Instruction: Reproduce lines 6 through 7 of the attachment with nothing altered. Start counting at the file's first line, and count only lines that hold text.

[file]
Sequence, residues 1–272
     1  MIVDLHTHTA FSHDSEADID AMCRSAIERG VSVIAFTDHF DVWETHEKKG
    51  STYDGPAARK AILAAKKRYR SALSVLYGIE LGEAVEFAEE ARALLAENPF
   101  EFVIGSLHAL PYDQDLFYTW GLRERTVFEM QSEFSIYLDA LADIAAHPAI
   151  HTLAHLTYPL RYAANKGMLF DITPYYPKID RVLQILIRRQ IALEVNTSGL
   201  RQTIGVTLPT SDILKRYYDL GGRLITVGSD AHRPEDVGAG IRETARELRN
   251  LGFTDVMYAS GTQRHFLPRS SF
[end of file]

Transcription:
   201  RQTIGVTLPT SDILKRYYDL GGRLITVGSD AHRPEDVGAG IRETARELRN
   251  LGFTDVMYAS GTQRHFLPRS SF